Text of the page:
Extreme frustration may drive the negative, introverted person farther within himself in the direction of schizophrenia, whereas the active, extroverted type may react with resentment and this may turn such a one in the direction of manic-depressive insanity.
In prescribing for patients in whom the emotional factor is an important one the following program will generally prove effective:
1. Clear the field by discontinuing all medication.
2. Unburden digestive tract and rid the system of food toxemia.
3. Correct diet and see that it is adequate and well balanced.
4. Prescribe the remedy after removing obstacles to recovery.
5. Try to secure the patient’s earnest, lasting cooperation.
In some cases the patient will need sound psychiatric advice. This he will probably receive in better spirit after the remedy has been prescribed and is acting curatively as he will then be in a more cooperative frame of mind and will have gained confidence in his doctor.
If there is no improvement mentally and emotionally following the remedy either the prescription was incorrect or considerable pathology is present. If the latter, one or more of the nosodes or a deep antipsoric may be required to arouse the vital force.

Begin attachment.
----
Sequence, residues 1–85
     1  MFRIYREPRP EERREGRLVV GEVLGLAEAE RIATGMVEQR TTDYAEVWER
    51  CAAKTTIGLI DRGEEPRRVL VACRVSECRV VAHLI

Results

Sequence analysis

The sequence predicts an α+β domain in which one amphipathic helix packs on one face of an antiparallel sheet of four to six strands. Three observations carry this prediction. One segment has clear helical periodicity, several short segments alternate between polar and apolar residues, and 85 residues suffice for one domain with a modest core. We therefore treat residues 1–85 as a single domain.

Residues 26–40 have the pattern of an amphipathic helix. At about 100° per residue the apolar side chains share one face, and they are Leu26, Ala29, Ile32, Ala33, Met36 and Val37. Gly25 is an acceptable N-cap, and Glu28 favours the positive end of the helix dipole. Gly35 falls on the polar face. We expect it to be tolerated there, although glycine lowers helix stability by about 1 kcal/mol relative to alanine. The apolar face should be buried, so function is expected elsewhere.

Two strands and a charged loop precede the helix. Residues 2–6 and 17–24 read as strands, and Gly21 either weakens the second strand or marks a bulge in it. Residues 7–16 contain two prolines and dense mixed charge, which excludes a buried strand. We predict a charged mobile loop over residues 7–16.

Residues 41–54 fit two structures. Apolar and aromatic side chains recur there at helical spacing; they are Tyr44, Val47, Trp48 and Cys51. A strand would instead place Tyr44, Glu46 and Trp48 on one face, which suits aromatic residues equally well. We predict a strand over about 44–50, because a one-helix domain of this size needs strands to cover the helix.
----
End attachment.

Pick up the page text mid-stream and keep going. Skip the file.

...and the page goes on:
Recurrence is the word in many chronic conditions, especially in mental and nervous disorders. Progress toward recovery appears to stall before the goal of cure is reached. In some cases one or more of the underlying causes of the trouble may have remained undiscovered or uncorrected and is still feeding the diseased state. Again, some of the obstacles to recovery may not have been successfully and permanently removed and this may include more or less concealed emotional factors or environmental circumstances beyond the patient’s ability to modify.
Homoeopathic treatment of emotional conflicts and complexes is far superior to any other therapeutic approach. It lacks two important essentials to popularise it–a sufficient number of well qualified homoeopathic physicians and the all persuasive power of modern advertising. Unfortunately many of the real Hahnemannian practitioners are content to jog along on the basis of an occasional brilliant prescription which helps to offset the seventy or seventy-five percent errors made in daily practice. What does the average practitioner really know about diet and nutrition? Almost nothing. What progress is he making in the study of modern psychiatry and psychosomatic medicine? Perhaps he is awaiting the opportunity to take a special “refresher” course in the subject at some uncertain time in the future.
There is nothing but himself to prevent any physician from keeping up with the times and as for clinical material every patient is in some degree both a psychotic and a somatic problem.